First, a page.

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ARC funding success for Arts and Social Sciences research at Sydney

4 December 2018
Supporting research for economic and social good
Over $4 million of Australian Research Council (ARC) funding has been secured for Discovery Projects involving Faculty of Arts and Social Sciences (FASS) academics.

Seventeen Faculty of Arts and Social Sciences (FASS) researchers have been successful in the latest round of Australian Research Council (ARC) grants, and will see their work funded across 13 different projects.

Addressing value creation in the service economy, rethinking internet regulation policy, and examining the notion of "the couple" in the era of marriage equality are some of the research areas that will be explored by our experts in 2019. 

The 13 projects funded by the 2019 ARC Discovery program showcase the sheer range of exciting and cutting edge research areas that Faculty of Arts and Social Sciences researchers cover.
Prof. Ariadne Vromen, Associate Dean (Research), Faculty of Arts and Social Sciences

"From the three Discovery Projects won by Economics (giving them a 50% success rate on their applications this year) to new projects in every other School - they will all make significant and novel contributions to knowledge in the national benefit, very broadly understood," said Professor Vromen.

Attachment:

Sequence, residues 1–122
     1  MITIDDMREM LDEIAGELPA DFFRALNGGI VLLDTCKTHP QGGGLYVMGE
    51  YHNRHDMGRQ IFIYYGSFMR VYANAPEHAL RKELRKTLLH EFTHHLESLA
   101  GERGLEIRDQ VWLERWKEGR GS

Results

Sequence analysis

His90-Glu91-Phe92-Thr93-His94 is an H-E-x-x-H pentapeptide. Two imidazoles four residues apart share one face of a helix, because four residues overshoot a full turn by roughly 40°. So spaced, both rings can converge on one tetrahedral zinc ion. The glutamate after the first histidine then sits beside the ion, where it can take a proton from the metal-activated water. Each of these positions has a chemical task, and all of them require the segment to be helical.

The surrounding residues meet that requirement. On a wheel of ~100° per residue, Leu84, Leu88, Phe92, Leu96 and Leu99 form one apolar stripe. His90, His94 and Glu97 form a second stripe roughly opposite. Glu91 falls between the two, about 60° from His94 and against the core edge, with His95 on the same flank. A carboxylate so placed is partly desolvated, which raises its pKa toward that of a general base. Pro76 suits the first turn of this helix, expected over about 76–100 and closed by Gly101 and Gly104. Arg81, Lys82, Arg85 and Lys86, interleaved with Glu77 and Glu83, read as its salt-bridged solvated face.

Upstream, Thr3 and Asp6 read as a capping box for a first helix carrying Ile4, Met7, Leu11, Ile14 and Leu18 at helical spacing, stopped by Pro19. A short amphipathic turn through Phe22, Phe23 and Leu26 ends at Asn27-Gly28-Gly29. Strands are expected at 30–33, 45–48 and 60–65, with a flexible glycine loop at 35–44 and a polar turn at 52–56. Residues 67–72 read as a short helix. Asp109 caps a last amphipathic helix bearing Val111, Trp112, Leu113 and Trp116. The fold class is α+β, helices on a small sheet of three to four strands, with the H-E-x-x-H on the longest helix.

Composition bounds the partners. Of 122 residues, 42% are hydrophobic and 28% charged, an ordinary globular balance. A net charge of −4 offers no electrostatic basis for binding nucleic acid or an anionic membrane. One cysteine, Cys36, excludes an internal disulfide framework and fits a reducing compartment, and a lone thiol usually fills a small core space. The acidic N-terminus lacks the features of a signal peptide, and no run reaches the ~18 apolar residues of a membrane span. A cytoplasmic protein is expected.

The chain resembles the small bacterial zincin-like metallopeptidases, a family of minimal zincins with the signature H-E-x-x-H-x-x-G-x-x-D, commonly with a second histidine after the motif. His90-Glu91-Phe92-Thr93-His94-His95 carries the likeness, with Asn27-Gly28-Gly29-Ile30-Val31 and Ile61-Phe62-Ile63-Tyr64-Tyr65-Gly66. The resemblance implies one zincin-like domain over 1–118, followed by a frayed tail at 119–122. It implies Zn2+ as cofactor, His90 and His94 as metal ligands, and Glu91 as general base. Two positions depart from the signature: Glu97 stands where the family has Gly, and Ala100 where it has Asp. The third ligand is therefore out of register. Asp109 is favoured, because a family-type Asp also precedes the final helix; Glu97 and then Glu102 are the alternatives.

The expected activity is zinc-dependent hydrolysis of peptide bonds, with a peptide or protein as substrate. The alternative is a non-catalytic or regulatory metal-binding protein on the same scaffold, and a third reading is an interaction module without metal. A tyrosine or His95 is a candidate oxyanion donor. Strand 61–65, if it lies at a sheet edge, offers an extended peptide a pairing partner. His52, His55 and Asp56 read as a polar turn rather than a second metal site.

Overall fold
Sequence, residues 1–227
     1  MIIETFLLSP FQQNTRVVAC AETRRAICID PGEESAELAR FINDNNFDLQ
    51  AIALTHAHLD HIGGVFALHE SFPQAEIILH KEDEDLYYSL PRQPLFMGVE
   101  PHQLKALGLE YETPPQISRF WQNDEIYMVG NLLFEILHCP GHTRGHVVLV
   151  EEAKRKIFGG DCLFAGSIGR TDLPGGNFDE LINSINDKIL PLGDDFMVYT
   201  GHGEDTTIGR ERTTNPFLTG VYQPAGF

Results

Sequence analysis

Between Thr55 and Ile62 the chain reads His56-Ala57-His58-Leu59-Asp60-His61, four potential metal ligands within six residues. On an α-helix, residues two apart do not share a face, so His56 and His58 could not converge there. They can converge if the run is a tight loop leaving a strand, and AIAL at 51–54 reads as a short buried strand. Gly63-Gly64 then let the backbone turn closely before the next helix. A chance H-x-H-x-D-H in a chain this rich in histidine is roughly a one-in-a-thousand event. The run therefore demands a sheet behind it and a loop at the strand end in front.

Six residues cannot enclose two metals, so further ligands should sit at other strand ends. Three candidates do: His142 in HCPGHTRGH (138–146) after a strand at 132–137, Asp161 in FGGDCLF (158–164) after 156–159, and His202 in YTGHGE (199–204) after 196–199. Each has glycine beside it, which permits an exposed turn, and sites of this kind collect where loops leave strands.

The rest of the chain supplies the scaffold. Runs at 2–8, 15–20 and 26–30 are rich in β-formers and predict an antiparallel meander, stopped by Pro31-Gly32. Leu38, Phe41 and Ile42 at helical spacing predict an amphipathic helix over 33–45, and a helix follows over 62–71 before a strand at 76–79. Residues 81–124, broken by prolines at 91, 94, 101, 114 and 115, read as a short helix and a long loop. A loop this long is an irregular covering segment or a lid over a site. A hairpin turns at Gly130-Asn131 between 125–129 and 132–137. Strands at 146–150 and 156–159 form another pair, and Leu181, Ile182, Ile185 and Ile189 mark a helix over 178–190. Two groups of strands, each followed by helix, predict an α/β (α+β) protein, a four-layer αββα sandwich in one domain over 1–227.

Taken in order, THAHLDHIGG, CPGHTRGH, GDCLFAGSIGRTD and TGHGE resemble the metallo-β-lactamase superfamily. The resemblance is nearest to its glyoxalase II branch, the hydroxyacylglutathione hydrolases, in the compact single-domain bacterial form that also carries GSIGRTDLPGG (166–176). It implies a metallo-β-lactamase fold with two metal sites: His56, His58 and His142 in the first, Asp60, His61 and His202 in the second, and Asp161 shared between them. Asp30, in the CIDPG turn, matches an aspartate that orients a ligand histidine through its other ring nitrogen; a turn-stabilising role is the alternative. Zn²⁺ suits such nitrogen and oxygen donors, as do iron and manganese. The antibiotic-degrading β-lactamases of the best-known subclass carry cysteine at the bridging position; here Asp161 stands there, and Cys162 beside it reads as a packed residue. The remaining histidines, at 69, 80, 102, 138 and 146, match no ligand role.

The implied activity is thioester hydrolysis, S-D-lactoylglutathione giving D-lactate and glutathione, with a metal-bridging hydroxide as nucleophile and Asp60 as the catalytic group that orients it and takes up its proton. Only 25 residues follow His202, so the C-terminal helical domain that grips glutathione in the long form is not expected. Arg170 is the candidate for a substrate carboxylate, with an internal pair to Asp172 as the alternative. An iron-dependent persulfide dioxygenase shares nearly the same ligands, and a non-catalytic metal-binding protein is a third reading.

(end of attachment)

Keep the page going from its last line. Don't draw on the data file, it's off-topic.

Associate Professor Agnieszka Tymula, working with Professor Paul Glimcher of New York University, says the Discovery grant will allow her to investigate well-known behavioural “biases” in probability and value perception through the lens of neurobiology. 

"I am thrilled to have received the grant. Through its interdisciplinary approach, this project will provide a novel and brain-compatible understanding of how people make decisions."

"This should deliver significant and tangible benefits by providing foundations for the “second wave” in behavioural economics."

Associate Professor Fran Collyer's project will explore how sociological knowledge has been shaped by a context of post-colonialism, multiculturalism and global capitalism to reveal how different generations of Australians have sought to make sense of society in an organised way.

"It is always exciting to be awarded an ARC Discovery grant. For a social scientist like myself, who works empirically - gathering data in the field - such funding is critical," she said.

This grant also means I can begin to build the careers of some young people, and ensure there is generational progress in knowledge about society and our history.
Associate Professor Fran Collyer